Terrorists seizing anti-aircraft and chemical weapons could be "game changers" in the Middle East, Netanyahu told the BBC in an interview broadcast Thursday. He was in London to attend the funeral of former British Prime Minister Margaret Thatcher on Wednesday.
Israel's policy is not to get involved in the Syrian conflict, but in recent months it has retaliated against Syrian gunfire spilling into Israeli-controlled areas in the Golan Heights.
There is an international push for countries to directly arm rebel fighters in their drive to oust Syrian President Bashar Assad from power.
"The main arms of concern to us are the arms that are already in Syria -- these are antiaircraft weapons, these are chemical weapons and other very, very dangerous weapons that could be game changers," he told the BBC.
"They will change the conditions, the balance of power in the Middle East," the prime minister explained. "They could present a terrorist threat on a worldwide scale. It is definitely our interest to defend ourselves, but we also think it is in the interest of other countries."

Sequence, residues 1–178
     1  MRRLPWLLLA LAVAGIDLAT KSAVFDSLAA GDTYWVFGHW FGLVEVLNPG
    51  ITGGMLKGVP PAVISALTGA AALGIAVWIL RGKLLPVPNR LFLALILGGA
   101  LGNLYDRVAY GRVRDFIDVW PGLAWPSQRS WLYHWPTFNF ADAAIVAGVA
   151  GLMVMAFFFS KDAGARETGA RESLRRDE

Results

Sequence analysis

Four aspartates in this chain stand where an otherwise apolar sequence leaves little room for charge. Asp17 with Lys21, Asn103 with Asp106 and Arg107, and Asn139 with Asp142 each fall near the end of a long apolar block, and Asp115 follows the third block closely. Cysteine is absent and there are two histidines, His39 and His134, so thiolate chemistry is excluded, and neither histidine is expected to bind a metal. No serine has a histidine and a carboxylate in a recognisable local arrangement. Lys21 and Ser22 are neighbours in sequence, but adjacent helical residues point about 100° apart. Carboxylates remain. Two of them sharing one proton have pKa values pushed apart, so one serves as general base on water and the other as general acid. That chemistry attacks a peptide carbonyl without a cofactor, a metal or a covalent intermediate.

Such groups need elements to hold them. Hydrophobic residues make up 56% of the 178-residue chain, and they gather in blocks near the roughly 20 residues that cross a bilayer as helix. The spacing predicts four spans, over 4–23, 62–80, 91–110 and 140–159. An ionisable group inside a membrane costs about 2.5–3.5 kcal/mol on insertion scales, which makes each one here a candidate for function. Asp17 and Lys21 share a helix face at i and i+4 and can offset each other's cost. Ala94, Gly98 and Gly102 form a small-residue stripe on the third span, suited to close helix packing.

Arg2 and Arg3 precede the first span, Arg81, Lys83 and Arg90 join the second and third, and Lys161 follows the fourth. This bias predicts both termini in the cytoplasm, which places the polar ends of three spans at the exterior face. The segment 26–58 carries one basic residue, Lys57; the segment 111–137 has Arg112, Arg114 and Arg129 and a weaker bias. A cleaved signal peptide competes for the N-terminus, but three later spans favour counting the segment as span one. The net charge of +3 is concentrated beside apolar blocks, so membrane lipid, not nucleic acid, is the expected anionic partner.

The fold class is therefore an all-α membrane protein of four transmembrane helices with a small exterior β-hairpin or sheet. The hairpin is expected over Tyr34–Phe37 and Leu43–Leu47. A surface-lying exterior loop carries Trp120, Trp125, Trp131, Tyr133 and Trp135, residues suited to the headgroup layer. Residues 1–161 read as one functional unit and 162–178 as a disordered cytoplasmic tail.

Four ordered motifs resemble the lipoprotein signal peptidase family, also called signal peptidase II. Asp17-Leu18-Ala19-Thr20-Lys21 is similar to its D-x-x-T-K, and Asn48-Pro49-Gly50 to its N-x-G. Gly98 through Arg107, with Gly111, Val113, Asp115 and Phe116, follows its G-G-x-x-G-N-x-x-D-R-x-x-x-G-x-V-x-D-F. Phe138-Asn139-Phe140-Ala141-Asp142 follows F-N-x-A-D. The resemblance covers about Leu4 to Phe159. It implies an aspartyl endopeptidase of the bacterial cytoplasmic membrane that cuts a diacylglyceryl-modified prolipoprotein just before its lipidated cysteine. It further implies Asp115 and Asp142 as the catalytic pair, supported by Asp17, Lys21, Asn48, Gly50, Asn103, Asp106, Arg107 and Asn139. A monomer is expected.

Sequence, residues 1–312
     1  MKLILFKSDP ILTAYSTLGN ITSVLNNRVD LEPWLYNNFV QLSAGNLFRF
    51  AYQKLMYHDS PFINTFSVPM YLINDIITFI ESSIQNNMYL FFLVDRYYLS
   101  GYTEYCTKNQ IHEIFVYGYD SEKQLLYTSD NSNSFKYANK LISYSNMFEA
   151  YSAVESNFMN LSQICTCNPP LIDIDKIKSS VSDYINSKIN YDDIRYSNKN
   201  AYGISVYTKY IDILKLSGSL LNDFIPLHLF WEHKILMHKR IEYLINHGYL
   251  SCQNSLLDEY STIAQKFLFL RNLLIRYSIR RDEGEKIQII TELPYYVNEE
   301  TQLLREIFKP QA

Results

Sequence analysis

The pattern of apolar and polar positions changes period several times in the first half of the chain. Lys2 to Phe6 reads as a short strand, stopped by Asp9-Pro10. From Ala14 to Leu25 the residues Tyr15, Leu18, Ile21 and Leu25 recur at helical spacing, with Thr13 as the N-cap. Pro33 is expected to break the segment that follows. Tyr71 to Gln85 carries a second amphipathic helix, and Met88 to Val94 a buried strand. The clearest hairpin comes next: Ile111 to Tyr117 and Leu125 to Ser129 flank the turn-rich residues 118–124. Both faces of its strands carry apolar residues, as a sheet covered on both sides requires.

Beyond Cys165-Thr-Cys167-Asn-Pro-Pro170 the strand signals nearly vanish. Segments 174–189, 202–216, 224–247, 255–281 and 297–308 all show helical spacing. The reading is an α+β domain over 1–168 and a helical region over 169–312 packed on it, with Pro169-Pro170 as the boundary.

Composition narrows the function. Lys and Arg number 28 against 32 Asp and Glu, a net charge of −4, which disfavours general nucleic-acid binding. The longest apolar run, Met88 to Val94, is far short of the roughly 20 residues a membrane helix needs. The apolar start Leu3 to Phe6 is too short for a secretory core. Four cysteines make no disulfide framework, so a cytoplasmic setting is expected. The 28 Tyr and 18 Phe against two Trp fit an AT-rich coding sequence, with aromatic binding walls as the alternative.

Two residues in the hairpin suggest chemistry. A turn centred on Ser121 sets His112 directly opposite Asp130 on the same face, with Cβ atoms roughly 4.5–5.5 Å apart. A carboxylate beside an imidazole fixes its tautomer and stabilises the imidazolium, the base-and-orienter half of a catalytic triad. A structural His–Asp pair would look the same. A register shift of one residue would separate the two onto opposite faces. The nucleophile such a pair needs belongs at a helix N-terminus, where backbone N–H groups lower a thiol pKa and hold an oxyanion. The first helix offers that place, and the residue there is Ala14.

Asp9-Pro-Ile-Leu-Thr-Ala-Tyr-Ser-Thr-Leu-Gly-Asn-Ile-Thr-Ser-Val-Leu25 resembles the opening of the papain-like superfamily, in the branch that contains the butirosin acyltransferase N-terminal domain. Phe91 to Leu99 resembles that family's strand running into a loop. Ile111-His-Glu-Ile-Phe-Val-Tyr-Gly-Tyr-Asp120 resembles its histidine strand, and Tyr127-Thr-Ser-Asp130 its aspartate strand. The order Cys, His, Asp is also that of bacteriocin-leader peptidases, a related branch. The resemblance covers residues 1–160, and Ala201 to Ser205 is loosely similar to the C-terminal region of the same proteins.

"We don't seek military confrontation, but we are prepared to defend ourselves if the need arises," he said.
Netanyahu also repeated his view Iran and its nuclear program are a direct threat to world peace. He said it would not be stopped by sanctions or hard-hitting diplomacy but by "direct military threat."
"Other countries, once they see Iran getting nuclear weapons, will rush to get their own nuclear weapons and then the Middle East will become a tinderbox," he told the BBC.
The North Korean crisis had demonstrated for world leaders what could happen when a rogue state acquired nuclear weapons, the Israeli leader said.
"Iran is many times stronger than North Korea, both in [gross domestic product] and aggressive tendencies," he said. "I think there's an interesting change of perception because people can understand what it would be like to have Iran with their imperial ambitions, with their messianic and apocalyptic ideology possess atomic bombs."
2014: The Year in Music [PHOTOS]